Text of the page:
COLUMBUS, Ohio (AP) — Judges in Ohio would be required to consider criminal suspects’ threat to public safety when setting bail amounts under both legislation and a proposal for a state constitutional amendment that House Republicans were expected to approve Wednesday.
The GOP proposals followed a ruling by a divided Ohio Supreme Court earlier this year that said a $1.5 million bond for a Cincinnati man accused of fatally shooting a man during a robbery was too high.
The Supreme Court majority said safety concerns expressed by the victim’s family members, and evidence that the suspect presented a false ID when confronted after fleeing to Las Vegas, weren’t factors relevant to the amount of bail.
The court did say that public safety concerns could be met by other requirements, such as electronic monitoring, which was done in the case of the Cincinnati murder suspect, according to court records. He was also banned from contacting the victim’s family.
The proposals come at a time of a debate in Ohio and nationally over changes to bail systems. Opponents of cash bail have long argued its use should be reduced or eliminated to avoid the hardship it presents to defendants who can’t afford to pay even low amounts, and end up losing jobs and contact with family while they remain in jail before their case is resolved.
In Ohio, separate legislation still in the committee process would eliminate the presumption that cash bail is the first recourse of a judge when setting terms of release. Supporters of this bipartisan measure, which include several conservative groups, say it gives judges more discretion to keep dangerous offenders behind bars while awaiting trial, while creating a fairer release system for offenders who don’t pose a risk.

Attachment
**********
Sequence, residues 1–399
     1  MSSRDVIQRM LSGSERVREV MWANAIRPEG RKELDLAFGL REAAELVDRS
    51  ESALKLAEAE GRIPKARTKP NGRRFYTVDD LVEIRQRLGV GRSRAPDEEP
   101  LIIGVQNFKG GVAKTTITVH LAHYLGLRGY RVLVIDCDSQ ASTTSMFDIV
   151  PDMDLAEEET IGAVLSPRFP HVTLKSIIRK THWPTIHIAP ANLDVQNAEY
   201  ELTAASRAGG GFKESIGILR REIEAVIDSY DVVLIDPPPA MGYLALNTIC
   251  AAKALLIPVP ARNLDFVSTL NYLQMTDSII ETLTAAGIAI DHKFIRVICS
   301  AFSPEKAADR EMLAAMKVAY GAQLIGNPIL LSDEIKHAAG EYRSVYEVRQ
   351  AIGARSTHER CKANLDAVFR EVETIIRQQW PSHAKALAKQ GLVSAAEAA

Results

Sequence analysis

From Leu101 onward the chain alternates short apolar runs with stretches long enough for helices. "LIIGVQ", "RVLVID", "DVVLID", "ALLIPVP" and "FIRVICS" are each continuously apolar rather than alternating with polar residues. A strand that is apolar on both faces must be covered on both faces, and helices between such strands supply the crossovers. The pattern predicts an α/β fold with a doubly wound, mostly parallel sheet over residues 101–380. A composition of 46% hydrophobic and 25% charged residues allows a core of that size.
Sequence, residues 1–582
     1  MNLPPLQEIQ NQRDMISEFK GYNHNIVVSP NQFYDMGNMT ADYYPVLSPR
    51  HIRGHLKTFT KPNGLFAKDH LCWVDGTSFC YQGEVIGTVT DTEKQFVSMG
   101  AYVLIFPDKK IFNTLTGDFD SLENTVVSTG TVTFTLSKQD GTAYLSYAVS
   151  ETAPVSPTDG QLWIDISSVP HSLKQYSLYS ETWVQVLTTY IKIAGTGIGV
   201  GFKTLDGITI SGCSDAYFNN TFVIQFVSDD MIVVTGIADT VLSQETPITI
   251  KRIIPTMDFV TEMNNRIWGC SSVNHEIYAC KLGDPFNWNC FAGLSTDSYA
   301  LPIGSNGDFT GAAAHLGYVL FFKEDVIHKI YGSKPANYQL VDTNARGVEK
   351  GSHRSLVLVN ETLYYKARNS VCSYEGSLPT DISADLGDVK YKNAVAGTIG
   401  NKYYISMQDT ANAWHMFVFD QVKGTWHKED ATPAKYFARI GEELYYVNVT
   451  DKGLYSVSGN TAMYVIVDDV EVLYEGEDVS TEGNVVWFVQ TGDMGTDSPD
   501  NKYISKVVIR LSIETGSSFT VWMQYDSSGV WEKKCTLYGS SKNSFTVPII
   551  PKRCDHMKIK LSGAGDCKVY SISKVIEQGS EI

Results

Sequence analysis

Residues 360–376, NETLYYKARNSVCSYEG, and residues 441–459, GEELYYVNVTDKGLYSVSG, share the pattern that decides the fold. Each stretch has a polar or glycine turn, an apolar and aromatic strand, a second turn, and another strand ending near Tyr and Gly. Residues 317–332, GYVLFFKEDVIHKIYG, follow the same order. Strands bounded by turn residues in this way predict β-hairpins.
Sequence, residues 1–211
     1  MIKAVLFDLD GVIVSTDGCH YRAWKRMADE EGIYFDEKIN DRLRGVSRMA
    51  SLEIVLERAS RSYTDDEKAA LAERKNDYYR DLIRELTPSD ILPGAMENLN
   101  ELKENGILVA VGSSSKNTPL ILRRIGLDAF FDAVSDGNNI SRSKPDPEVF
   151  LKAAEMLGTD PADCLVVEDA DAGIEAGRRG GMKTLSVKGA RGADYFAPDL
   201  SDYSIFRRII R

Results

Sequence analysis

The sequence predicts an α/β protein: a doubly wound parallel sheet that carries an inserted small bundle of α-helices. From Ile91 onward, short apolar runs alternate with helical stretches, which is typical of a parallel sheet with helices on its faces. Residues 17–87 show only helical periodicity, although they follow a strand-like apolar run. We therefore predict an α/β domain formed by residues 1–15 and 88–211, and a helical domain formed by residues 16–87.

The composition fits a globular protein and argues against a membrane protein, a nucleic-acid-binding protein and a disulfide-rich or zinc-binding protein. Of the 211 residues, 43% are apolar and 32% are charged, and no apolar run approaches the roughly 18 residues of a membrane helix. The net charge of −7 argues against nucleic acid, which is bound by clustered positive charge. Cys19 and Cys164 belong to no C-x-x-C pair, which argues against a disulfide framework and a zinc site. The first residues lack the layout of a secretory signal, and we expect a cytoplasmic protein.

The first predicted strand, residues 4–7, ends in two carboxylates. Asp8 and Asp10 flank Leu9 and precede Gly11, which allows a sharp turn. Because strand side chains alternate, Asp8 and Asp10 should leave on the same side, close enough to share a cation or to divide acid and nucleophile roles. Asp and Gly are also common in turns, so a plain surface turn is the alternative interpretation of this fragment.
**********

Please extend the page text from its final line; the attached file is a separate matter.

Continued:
Backers of this bill say the measures up for debate Wednesday run counter to efforts to eliminate cash bail.
Last year, Illinois eliminated cash bail as part of major changes to the state’s criminal justice laws. Critics said it will result in dangerous people being set free while awaiting trial. Supporters say the measure gives judges more discretion to hold people based on threats they might pose.
New York State eliminated cash bail for many nonviolent offenses in 2020, raising similar concerns about public safety. Democratic Gov. Kathy Hochul has proposed toughening the law in wake of a COVID-era spike in violence. New Jersey in 2017 also eliminated cash bail.